The use of surveillance has dramatically increased in the United Kingdom since 1994. Since this time surveillance has become an integral part of the government's crime prevention strategy. For example, the U.K uses more CCTV cameras per head of population than anywhere else in the world. It is estimated that five hundred thousand CCTV cameras operate within London; this means there is one camera for every fourteen people (McCahill and Norris, 2006). This paper will mainly focus on surveillance in the form of CCTV cameras. It will begin with a discussion of the advantages of living in a surveillance society, focusing on its impact on the detection and reduction of crime. This essay will go on to argue that although surveillance reduces crime in areas where it is present, it can displace crime to areas which are unprotected. This paper will then discuss the disadvantages of surveillance, focusing on privacy and individual liberty. It will then move on to discuss surveillance in relation to criminalization. The main argument will be that surveillance is being used as a type of informal social control which affects everyone in society including those perceived to be deviant. This paper will conclude that the state uses surveillance to enforce conformity at the expense of democratic rights; therefore the justifications for its continued use are questionable.
The use of surveillance is often justified on the basis that it reduces and controls crime (Armstrong and Norris 1998).Surveillance reduces crime through its ability to record crimes being committed. The recording of criminal activity prevents crimes from occurring, due to a fear of being caught (Armstrong and Norris, 1998).The use of surveillance can also lead to an increase in crime detection rates. Ditton and Short (1998a) conducted a study in Airdrie in Scotland which compared crime detection data, from two years before and after the installation of CCTV. The study concluded that crime detection rates improved to 116 % of previously recorded levels after CCTV was implemented (Ditton and Short, 1998a). The study also concluded that the number of crimes being solved increased from 50% to 58%, in the two years after CCTV was installed. (Ditton and Short, 1998a). The results of this study indicate that CCTV increases crime detection rates and leads to an increase in the arrest and prosecution of criminals. However, a report produced by the select committee on science and technology highlighted problems associated with the use of surveillance images as evidence.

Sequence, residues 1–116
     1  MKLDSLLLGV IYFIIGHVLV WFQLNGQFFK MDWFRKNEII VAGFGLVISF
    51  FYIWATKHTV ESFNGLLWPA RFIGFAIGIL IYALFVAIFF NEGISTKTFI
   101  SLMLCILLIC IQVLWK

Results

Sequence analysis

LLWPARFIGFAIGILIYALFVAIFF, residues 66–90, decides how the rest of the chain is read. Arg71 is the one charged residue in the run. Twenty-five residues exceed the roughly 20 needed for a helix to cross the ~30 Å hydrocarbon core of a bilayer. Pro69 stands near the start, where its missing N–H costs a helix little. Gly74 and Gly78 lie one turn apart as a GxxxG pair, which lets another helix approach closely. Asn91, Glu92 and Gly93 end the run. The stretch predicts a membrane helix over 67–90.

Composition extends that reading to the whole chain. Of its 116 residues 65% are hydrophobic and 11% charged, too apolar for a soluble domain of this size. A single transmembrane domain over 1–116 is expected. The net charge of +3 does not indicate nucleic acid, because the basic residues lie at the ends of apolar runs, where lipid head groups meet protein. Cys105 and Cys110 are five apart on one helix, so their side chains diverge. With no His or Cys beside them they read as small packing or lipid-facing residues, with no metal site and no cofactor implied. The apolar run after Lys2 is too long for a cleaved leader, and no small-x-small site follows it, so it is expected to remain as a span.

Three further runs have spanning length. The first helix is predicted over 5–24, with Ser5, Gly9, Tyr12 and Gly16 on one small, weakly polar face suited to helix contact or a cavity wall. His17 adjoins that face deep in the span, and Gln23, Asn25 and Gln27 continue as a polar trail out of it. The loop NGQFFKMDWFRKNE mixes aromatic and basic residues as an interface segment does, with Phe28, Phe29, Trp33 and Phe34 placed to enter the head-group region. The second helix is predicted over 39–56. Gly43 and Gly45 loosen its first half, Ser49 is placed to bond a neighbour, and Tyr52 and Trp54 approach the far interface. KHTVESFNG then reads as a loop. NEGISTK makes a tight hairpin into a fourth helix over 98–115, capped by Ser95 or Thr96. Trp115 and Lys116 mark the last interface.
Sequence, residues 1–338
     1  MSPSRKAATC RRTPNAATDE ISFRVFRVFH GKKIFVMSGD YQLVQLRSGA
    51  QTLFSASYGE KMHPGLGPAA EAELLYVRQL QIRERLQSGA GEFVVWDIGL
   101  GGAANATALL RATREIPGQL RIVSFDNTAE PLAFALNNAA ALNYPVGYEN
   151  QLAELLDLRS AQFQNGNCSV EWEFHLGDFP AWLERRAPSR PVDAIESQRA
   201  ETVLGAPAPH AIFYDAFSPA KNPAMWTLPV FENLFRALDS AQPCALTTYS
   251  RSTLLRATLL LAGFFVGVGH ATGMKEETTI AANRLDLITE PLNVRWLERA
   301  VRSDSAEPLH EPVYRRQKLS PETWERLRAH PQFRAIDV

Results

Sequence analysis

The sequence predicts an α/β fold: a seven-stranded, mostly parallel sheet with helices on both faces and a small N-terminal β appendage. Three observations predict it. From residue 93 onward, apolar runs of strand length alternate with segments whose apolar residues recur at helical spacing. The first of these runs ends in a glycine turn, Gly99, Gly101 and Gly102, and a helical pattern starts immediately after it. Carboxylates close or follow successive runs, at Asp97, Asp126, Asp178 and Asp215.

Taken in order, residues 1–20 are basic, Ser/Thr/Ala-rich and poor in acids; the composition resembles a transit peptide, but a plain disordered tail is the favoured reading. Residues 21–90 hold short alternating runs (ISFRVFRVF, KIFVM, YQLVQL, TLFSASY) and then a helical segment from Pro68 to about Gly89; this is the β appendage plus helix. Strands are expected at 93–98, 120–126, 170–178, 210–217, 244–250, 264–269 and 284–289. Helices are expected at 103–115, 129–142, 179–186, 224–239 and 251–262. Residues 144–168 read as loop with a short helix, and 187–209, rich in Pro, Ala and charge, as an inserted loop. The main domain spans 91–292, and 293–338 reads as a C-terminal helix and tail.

Digital images produced by surveillance can be altered and are open to manipulation. The potential for manipulation means that digital images can only be used as evidence if it is proven that strict procedures, such as audit trails have been followed (Select Committee on Science and Technology, 1997). This report illustrates that the use of surveillance with regard to the arrest and prosecution of criminals is not straight forward. Although, these problems exist surveillance images have been used successfully in the past (Graham, 1998). For example, Jamie Bulger's killers and the Oklahoma bomber were caught through the use of CCTV (Graham, 1998).
The Ditton and Short study also concluded that crime fell by 21 per cent in the two years after CCTV was installed (Ditton and Short, 1998a). The results of this study support the argument that surveillance reduces crime. This argument is also supported by a study conducted by Skinns (1998) which showed that levels of crime decreased by 16 per cent; a year after CCTV was installed in Redton town centre. The study also showed a 12 per cent reduction in the amount of crime witnessed by members of the public (Skinns 1998). The increase in crime...